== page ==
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Crime in Hong Kong

Three held in Hong Kong as 8 customers lose HK$650,000 in online milk powder scam

Woman, 26, her boyfriend, 27, and brother, 18, are thought to have taken payments for the products but never sent them to the buyers

PUBLISHED : Thursday, 22 March, 2018, 5:17pm
UPDATED : Thursday, 22 March, 2018, 5:38pm

Three Hongkongers including two siblings were arrested in Kowloon on Thursday on suspicion of cheating eight people out of HK$650,000 (US$83,300) in an online shopping scam involving baby milk formula.

A woman, 26, her boyfriend, 27, and brother, 18, were thought to have taken payments for the products, but never sent them to the buyers, according to police.

The three suspects were picked up when officers raided a public housing flat in Tsz Lok Estate, Tsz Wan Shan, on Thursday morning.

Chief Inspector Tsang Ting-pan said the unemployed female suspect was suspected of having posed as a nurse and sold milk powder on the internet since August last year.

“To attract buyers, the consumers were told the price of the milk powder was below the market rate,” he said.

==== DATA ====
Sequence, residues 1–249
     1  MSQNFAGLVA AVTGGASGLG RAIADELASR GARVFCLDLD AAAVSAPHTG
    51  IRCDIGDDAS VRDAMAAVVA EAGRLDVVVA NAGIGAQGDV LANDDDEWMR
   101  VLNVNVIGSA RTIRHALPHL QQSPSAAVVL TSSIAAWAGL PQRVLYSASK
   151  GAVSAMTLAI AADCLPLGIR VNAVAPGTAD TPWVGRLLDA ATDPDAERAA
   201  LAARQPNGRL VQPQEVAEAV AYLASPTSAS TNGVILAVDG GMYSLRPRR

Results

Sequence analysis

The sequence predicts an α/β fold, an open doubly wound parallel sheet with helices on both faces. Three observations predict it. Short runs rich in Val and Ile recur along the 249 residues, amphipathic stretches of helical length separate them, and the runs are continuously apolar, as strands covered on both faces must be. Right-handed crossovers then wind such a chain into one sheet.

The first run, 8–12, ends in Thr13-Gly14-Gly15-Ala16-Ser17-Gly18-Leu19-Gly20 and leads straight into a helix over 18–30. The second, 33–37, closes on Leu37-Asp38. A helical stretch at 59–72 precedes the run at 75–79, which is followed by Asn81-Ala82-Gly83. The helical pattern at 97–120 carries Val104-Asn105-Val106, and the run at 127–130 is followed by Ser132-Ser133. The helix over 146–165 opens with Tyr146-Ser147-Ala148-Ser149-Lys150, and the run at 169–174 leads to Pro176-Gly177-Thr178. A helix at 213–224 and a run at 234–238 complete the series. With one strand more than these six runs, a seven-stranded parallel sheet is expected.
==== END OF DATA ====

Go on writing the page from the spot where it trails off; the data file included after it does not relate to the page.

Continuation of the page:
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Buyers were instructed to pay through three designated bank accounts. After they deposited the money, the goods were not delivered and they could not get in touch with the seller.

Tsang said that between August and December, eight people got taken in by the scam and lost HK$650,000 in total.

Police began investigating after receiving complaints from buyers late last year.

Officers seized bank documents, four mobile phones, a tablet computer and a desktop computer during the raid but no milk powder was found.

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The three suspects were arrested on suspicion of obtaining property by deception, which carries a maximum penalty of 10 years in prison.

They were being held for questioning and had not been charged.

Tsang advised consumers to stay alert and verify sellers when shopping online.

According to official statistics, police handled 1,562 reports of online shopping scams last year, involving HK$17.8 million. Scammers bagged HK$12.9 million in 1,188 cases in 2016.